A call into the visitor centre for a quick coffee then onto the “train” for the journey down t the Tip.
We’d hardly walked 20m from the drop off point when we hit our first bird wave. Chestnut-sided; Black-throated Blue, Bay-breasted, Nashville and Black and White Warblers, American Redstart along with Blue Grey Gnatcatchers (renamed “bagsnatchers” in memory of Mr Hogan), Red-breasted Nuthatches and Red-eyed Vireo’s. The walk towards the tip produced further new warblers in the guise of Magnolia and Black-throated Green. A couple of glowing male Scarlet Tanagers were found, followed by a drab female. Another drab tanager was soon located but the lack of contrast between the wings and the body plumage, and slightly larger bill, showed this was a Summer Tanager. The patches of red within the green plumage hinted at it possible being a 2cy male, but an older female couldn’t be ruled out.
Strolling back to the pick up point MJB picked up a bird flying towards us, over the trees. Both MJB and MB got onto the bird and were surprised to see it was a Scissor-tailed Flycatcher, a rare overshoot from its breeding grounds in the Southern States. Unfortunately Phil and Rob were looking i the wrong direction at the time and neither Martin noticed they weren’t looking the right way.3 hrs into PP and one hard to find (the Cuckoo) and one rarity already in the bag.
Back to the centre for more refreshments, we were informed that a Scissor-tailed flick, either the one that flew over the two Martins heading South, or another, had been located at the Marsh Boardwalk. As Phil and Rob had missed the earlier one, we rushed back to the car and drove up to join the twitch at the Marsh Boardwalk. This time, having to park so far from the main car park worked against us as by the time we arrived at the Marsh Boardwalk the bird has disappeared, hiding from the rain and strong winds, about 10 minutes before we got there.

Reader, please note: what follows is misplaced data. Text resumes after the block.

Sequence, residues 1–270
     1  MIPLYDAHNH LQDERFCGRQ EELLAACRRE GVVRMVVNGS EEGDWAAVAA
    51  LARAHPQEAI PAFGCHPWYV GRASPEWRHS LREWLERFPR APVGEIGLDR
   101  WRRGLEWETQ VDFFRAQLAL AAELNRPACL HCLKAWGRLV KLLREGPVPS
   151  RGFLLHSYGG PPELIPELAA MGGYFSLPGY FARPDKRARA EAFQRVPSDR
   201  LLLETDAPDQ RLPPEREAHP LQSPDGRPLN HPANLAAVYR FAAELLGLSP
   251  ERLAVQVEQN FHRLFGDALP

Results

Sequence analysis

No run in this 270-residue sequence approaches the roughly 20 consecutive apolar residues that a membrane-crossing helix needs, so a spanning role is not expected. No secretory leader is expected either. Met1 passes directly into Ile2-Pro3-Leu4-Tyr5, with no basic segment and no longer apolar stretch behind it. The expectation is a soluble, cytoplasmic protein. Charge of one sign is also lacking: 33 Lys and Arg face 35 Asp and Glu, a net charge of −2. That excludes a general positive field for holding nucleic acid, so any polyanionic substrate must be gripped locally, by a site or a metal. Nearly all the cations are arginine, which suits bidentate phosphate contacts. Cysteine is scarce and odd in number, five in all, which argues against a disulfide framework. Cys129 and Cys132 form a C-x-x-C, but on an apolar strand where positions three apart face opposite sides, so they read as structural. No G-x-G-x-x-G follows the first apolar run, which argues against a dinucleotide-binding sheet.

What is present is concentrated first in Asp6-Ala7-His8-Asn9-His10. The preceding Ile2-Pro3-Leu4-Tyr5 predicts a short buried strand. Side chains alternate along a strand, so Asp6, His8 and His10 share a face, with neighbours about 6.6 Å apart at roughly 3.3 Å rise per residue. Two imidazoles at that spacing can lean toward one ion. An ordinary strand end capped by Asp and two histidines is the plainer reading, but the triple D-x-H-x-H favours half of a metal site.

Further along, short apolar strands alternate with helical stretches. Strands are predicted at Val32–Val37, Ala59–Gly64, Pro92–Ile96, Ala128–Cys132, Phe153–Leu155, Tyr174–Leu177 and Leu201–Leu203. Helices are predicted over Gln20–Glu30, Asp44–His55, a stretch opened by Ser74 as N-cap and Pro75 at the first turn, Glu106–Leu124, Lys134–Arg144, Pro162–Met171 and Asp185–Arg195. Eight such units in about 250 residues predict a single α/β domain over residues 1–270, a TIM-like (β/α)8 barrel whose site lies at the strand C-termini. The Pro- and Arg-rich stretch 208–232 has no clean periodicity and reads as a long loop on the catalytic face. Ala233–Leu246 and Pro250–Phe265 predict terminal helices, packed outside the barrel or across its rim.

We were just pulling out of the Marsh Boardwalk car park when we noticed a group of birders working some tall trees next to the road. Window down, “what’s about?” and Phil was out the door before the reply of “Blackburnian” was out of the birders mouth. It was his most wanted for the trip. After parking up we joined Phil and the others, who were now chasing a Yellow-throated Vireo. The Blackburnian was soon found, and we left Phil to his moment of ecstasy…. Our first Ruby-throated Hummingbird of the trip was then located, perched in the shade, so unfortunately not showing off its glowing iridescence. This was followed by the Vireo and a Northern Parula.
Eventually tearing ourselves away from PP, we decided to bird the lane behind our cottage, where several Smith’s Longspurs were being reported up to a couple of days before our arrival. Unfortunately there was no sign of the Smith’s, but several breeding plumage Lapland Longspur’s (Buntings in the real world) provided some compensation along with several Horned Larks (a potential split from Shore Lark).